15 trivia questions for Banned Books Week

Posted on September 23, 2020 at 6:00 am


Banned Books Week is next week, September 27–October 3. So, usually at this time of year, I would be working on a banned books display for the Teens section at the Spokane Valley Library.

It is one of my most favorite displays to put together, not just because it is such an important subject, but also because so few people know what it means when a book is banned or challenged.

My most favorite customer interactions are when they see their favorite title or author with the words “Banned Book” across the cover and react with surprise and alarm. At that moment, I get to share that “No, the library isn’t banning these titles, but they have been banned or challenged somewhere in our country.” And then we get to talk about why that happens.

Banned Books Week is a yearly event that celebrates our freedom to read and the fight against censorship in book form, or in any other form. Freedom of information is a tenet of public libraries.

With that in mind (and because I won’t get a chance to see surprised customer faces this year), I want to offer you a bit of banned books trivia! Hopefully, some of these answers will surprise and alarm you, too!


1. What is Banned Books Week?

Banned Books Week began in the 1980s, at a time of increased book challenges and bans. The American Library Association, along with other organizations, works to bring an awareness of censorship during this week each year.

2. What is the difference between a banned book and a challenged book?

A book challenge is an attempt to remove access to materials in a particular setting. A book banning is the actual removal of those materials.

Bonus: One aspect that Banned Books Week celebrates is the fact that many of these materials remain available and are not ultimately banned.

3. What popular series was banned and forbidden from discussion for referring to magic and witchcraft, for containing actual curses and spells, and for characters that use “nefarious means” to attain goals?

Harry Potter, of course!

4. The top six most challenged books in 2019 all share what similar reason for being challenged. What is it?

LGBTQIA+ topics

5. What classic novel was challenged in 1981 for being “demoralizing inasmuch as it implies that man is little more than an animal”?

The Lord of the Flies, by William Golding

6. What popular classic was challenged by parents in a California school district who stated that teachers “can choose the best books, but they keep choosing this garbage over and over again”?

One Flew Over the Cuckoo’s Nest, by Ken Kesey

7. What popular classic (that has since been turned into a billion dollar movie franchise) was burned at a church in New Mexico for being satanic?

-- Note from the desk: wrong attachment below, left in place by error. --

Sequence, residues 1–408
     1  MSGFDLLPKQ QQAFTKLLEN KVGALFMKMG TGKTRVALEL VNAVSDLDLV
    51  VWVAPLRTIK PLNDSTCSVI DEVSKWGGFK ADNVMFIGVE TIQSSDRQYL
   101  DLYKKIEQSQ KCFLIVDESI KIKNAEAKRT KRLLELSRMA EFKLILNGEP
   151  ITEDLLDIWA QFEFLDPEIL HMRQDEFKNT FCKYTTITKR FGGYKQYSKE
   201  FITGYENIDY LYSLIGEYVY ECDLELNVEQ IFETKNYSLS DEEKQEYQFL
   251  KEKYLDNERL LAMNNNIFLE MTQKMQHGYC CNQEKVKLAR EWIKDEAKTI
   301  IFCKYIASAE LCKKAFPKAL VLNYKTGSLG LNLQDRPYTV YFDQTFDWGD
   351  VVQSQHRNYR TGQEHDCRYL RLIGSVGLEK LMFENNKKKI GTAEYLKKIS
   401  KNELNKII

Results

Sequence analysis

The Lord of the Rings, by J. R. R. Tolkien

8. The Catcher in the Rye, by J. D. Salinger, is one of the most challenged books across the United States. Why?

This book is mostly challenged for reasons of profanity and obscenity.

9. What was the number one most challenged book in both 2018 and 2019?

George, by Alex Gino

10. Thirteen Reasons Why, by Jay Asher, was restricted, challenged, and banned for what reason?

The book was restricted, challenged, and banned for addressing teen suicide.

11. What winner of the Borders Original Voice Award and the San Francisco Chronicle Best Book of The Year Award was challenged and banned because it was thought to “lead to terrorism” and “promote Islam”?

The Kite Runner, by Khaled Hosseini

12. Books for all age groups have been banned or challenged for all kinds of reasons. What are some of the top reasons given for wanting a book banned?

Challengers’ complaints are often about materials being too “sexually explicit,” having “offensive language,” and for being “unsuited to any age group.”

13. Who is doing the challenging? What groups are most likely to attempt to restrict access to materials?

Anyone can challenge material. In 2019, 377 attempts were made to ban materials. Forty-five percent of challenges came from library patrons, 18% came from parents, 13% came from administration, 12% came from religious groups, 8% from librarians or teachers, 3% from elected officials, and 1% from students themselves.

14. What is the one of the most visited pages on the American Library Association website?

The Banned Books web page, of course!

15. Which of the titles listed in this post does the Library District offer as part of our collection?

All of them! You can start (or continue) your banned books reading list today by placing a hold on the title in our catalog.

Bonus question: Has your favorite title or author been challenged or banned? Do you know why? The answer will of course depend on your favorites.

I hope you’ll join me in taking some time to read something controversial this month and exercise your freedom to information.

If there’s a book you’re looking for and cannot find in our collection, you can Suggest an Item and we will try to get a copy for you to read, either by borrowing it from another library for you or by purchasing it for our collection (note: not all requests can be met, due to various factors such as availability).

Abra Cole

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